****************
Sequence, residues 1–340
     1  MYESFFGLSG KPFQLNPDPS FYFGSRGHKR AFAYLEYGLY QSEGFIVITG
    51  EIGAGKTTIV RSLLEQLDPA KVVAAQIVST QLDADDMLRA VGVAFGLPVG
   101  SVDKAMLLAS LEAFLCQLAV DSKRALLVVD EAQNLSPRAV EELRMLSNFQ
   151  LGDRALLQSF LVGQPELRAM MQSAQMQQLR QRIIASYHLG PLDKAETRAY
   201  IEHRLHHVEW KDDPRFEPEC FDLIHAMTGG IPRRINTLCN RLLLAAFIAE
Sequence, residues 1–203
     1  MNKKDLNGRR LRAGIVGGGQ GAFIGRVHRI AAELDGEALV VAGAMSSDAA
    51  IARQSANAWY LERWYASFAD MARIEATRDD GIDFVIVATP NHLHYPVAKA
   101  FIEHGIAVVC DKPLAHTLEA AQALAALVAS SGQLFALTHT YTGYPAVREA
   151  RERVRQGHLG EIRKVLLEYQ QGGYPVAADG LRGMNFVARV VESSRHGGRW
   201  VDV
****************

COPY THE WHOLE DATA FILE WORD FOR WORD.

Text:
Sequence, residues 1–340
     1  MYESFFGLSG KPFQLNPDPS FYFGSRGHKR AFAYLEYGLY QSEGFIVITG
    51  EIGAGKTTIV RSLLEQLDPA KVVAAQIVST QLDADDMLRA VGVAFGLPVG
   101  SVDKAMLLAS LEAFLCQLAV DSKRALLVVD EAQNLSPRAV EELRMLSNFQ
   151  LGDRALLQSF LVGQPELRAM MQSAQMQQLR QRIIASYHLG PLDKAETRAY
   201  IEHRLHHVEW KDDPRFEPEC FDLIHAMTGG IPRRINTLCN RLLLAAFIAE
Sequence, residues 1–203
     1  MNKKDLNGRR LRAGIVGGGQ GAFIGRVHRI AAELDGEALV VAGAMSSDAA
    51  IARQSANAWY LERWYASFAD MARIEATRDD GIDFVIVATP NHLHYPVAKA
   101  FIEHGIAVVC DKPLAHTLEA AQALAALVAS SGQLFALTHT YTGYPAVREA
   151  RERVRQGHLG EIRKVLLEYQ QGGYPVAADG LRGMNFVARV VESSRHGGRW
   201  VDV